H.P. Lovecraft’s influence still has a strong presence in the contemporary horror genre. Lovecraft was more than just the “Man of Cosmic Horror.” One of his stronger themes include “madness in the face of abject horror.” We’ve all come across this theme in his writings. When a character is faced with something so horrific that their mind is unable to comprehend and grasp it, that character’s mind snaps. I love this theme and and incorporated in some of my own writings. India horror filmmaker, Ansel Faraj, takes this theme and runs with it in his (very) Lovecraftian film, The Last Case of August T. Harrison.
The story is about a an older detective (Jerry Lacy) who comes out of retirement to take on a case at his son Jason’s (Eric Gorlow) request. Jason’s friends, Eleanora (Maggie Wagner) needs to find an ex-rersearch partner, Drake (Max Landwirth), who ran off and disappeared with a lot of their research. She needs what he has in order to finish her project. It turns out that Drake and Eleanora were doing research into the multiverse when Drake disappeared. The plot is told from Harrison’s perspective as he goes through his paces of trying to find Drake. Faraj wrote a tight script that slowly lets the viewer unravel the mystery at the same time as Harrison. Sure, we all know where the plot is headed, but it is pretty fun getting there.
The Last Case of August T. Harrison isn’t a monster/creature-fest. Don’t expect to be blown away by a bunch of bad ass creature effects. This is not what Faraj set out to make. There are creatures, who live on another plane of existence, who want to punch a doorway into out world, but the focus is more on the human side of things. Faraj explores the humans who are helping these multidimensional creatures. But yes, this film would have greatly benefitted from getting some Lovecraftian creatures, but I didn’t feel like not getting them hurt the film.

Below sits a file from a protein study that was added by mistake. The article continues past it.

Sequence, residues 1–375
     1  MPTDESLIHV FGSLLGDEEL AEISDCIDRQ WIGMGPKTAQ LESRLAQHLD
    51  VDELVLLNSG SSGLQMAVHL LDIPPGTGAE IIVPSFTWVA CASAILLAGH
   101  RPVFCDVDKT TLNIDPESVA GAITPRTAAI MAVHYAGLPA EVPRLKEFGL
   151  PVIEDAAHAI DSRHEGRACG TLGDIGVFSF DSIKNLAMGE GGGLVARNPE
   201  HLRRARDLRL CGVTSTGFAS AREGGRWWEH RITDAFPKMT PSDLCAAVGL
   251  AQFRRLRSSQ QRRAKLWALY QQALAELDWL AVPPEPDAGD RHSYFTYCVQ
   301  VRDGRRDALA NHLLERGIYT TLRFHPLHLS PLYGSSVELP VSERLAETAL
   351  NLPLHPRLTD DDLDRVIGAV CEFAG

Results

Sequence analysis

On the plus side, the tone and atmosphere that Faraj creates is spot on. It has an antiquated feel to it (in a good way), and it wouldn’t be hard to imagine that Lovecraft himself wrote the short story this film is based on. What really helps the atmosphere here is the soundtrack. It is creepy and really helps set the tone.
At the end of the day, The Last Case of August T. Harrison is an indie film and it does feel like one. Some of the production values weren’t as strong as they could’ve been, but the writing and acting are strong enough that you will over look some of these deficiencies. Check this one out.
Director: Ansel Faraj (& writer & producer & cinematographer & editor & digital effects master)
Plot: 3.5 out of 5 stars
Gore: 1 out of 10 skulls
Zombie Mayhem: 0 out of 5 brains
Reviewed by Scott Shoyer